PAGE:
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Galesburg, IL 61401-4999
May 09, 2017
Thousands of miles from their home country of Syria, Farid Freyha '20 and Shahim Shaar '20 are settling into their new lives as Knox College students.
They are the first students admitted to Knox through an Institute of International Education (IIE) initiative—the Syria Consortium for Higher Education in Crisis—designed to help Syrian students pursue higher education in the United States.
The consortium consists of a group of colleges and universities that provide scholarships for Syrian students whose education has been disrupted because of the war in that country. Knox is offering two full-tuition scholarships each year for Syrian students.
Freyha and Shaar say they're grateful for the opportunity to study at Knox.
"I feel like the professors here are nice and are paying attention to each student and his or her interests," said Freyha, who came to Knox in January. He previously had traveled to Illinois to visit his older brother, a December 2016 graduate of Monmouth College, so he was somewhat familiar with the Galesburg area. Even so, he never set foot on the Knox campus until he enrolled for the 2017 Winter Term.
Shaar arrived at Knox in late March, just before Spring Term classes started. Like Freyha, he'd never visited Knox in person before, but he had done some research online and had been in touch with Brenda Tooley, director of Knox's Eleanor Stellyes Center for Global Studies.
"Communicating with Dr. Tooley, she'd given me many assurances about the place. I looked online and took the virtual tour. It was clearly a very nice campus," Shaar said.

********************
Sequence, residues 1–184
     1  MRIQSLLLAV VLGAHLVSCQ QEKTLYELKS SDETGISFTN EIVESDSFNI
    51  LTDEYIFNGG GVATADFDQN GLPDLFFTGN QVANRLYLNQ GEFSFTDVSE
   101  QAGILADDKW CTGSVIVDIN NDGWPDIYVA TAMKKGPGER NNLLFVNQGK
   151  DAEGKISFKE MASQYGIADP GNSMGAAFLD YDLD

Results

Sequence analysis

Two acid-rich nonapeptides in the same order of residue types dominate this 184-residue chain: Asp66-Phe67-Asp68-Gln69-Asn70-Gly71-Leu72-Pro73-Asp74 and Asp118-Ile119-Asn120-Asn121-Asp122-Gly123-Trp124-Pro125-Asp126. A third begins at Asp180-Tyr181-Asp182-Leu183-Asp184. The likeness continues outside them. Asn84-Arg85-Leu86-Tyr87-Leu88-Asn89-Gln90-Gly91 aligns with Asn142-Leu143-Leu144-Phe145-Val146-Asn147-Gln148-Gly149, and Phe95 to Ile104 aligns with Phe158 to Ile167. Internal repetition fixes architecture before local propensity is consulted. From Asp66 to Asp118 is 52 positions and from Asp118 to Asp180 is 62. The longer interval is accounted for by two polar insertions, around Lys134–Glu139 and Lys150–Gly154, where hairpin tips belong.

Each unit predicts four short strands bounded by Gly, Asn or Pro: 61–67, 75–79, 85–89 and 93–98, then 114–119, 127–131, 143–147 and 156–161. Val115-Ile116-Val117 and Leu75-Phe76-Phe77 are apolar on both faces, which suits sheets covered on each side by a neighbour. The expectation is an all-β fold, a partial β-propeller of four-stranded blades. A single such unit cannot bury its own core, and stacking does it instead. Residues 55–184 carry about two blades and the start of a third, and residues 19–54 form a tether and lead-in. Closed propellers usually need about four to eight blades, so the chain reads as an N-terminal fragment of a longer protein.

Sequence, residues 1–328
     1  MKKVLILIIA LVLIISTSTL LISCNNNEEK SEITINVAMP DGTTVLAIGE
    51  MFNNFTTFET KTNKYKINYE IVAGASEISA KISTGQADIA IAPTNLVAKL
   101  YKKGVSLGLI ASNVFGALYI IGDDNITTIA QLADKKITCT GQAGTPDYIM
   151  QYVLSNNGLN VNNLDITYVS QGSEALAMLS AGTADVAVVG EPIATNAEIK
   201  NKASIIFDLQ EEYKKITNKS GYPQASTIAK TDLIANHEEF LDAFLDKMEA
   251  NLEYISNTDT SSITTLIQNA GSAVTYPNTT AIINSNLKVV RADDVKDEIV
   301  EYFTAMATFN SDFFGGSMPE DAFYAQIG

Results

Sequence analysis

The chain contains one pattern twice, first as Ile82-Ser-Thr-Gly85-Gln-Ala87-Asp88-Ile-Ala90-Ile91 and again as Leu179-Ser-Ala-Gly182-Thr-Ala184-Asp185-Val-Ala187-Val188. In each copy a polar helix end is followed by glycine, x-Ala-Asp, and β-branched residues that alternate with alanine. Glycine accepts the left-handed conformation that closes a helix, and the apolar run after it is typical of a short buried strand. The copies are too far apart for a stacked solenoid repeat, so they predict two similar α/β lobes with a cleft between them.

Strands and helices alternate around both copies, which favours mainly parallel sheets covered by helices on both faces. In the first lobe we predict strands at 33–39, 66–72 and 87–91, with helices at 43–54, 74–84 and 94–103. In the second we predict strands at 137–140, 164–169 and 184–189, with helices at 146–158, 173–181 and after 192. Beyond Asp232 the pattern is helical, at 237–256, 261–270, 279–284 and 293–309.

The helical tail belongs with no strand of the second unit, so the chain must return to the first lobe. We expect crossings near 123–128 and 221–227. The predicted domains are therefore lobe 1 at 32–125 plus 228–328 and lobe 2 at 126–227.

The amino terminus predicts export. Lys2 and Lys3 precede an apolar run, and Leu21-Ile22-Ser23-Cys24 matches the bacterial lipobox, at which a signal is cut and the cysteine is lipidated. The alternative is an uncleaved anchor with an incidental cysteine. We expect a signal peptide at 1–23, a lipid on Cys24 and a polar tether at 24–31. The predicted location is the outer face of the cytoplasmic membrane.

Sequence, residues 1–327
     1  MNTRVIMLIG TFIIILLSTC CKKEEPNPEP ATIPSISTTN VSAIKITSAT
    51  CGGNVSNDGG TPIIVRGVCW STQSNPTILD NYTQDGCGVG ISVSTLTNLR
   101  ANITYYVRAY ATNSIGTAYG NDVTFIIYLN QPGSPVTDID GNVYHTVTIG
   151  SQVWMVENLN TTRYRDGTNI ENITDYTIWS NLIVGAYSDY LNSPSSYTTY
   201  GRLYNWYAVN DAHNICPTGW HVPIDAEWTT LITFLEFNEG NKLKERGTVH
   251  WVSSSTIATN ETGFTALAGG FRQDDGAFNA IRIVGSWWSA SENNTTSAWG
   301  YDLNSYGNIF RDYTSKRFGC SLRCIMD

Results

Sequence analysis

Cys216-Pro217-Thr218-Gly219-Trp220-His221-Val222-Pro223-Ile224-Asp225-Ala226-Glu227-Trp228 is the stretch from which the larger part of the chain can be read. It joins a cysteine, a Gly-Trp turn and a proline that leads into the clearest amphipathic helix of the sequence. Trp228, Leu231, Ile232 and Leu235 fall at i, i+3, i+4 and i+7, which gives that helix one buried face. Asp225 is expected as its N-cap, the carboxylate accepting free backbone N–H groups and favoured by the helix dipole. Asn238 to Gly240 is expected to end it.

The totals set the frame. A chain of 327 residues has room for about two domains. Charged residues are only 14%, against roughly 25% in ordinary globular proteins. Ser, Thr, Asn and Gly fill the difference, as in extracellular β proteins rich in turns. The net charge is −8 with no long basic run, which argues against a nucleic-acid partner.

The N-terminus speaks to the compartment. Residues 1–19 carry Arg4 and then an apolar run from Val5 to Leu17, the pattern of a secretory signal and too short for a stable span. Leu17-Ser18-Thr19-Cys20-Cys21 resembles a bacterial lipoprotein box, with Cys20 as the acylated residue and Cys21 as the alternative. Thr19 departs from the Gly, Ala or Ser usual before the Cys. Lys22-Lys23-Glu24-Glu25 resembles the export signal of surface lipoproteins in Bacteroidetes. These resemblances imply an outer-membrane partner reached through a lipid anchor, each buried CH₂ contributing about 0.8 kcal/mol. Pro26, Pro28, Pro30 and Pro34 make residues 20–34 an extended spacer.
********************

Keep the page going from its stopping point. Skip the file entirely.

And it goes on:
Things have "been going great," added Shaar, who thinks he'll eventually major in computer science. "I really like my classes. The professors are very knowledgeable, and they're able to convey their ideas very well."
Other students have been welcoming, too.
"Everybody's been very nice and very open to me," Shaar said. "That's something I definitely appreciate very much."
Before arriving at Knox, Shaar had been living with his family in the United States for about two years, first in Maryland and later in California.
"At the time when we left [Syria], it was very, very bad. We wouldn't have left if it weren't so bad. We had been displaced three times."
"It was very, very dangerous," he added. Shelling was frequent, and the electricity and water supplies were unreliable.
Freyha experienced similar hardships while living with his family in Damascus, where he remained until late last year.
"It was a lot safer there [in Damascus], in comparison to other cities," Freyha said. "It was still dangerous."
He decided that he needed to leave home so he could continue with his education and his hopes for the future. "Staying there would get in the way of accomplishing my dreams," said Freyha.
Knox joined the Syria consortium about a year ago, shortly after Tooley began serving as director of the College's Eleanor Stellyes Center for Global Studies.
Before coming to Knox, Tooley already had been deeply involved with the consortium and helped more than 20 Syrian students pursue higher education in the United States. That work "means a lot to me," she said, and joining the consortium is "a good match for Knox's ethos. Working with the thoughtful, courageous students from Syria who seek to continue their educations in the States—many of whom have become good friends—is inspiring, professionally and personally."
"Knox has an outward-looking approach to the world," she added. "It's not just that people study issues. It's that they want to help improve the world."
(Photo above: Farid Freyha, left, and Shahim Shaar on the Gizmo patio.)
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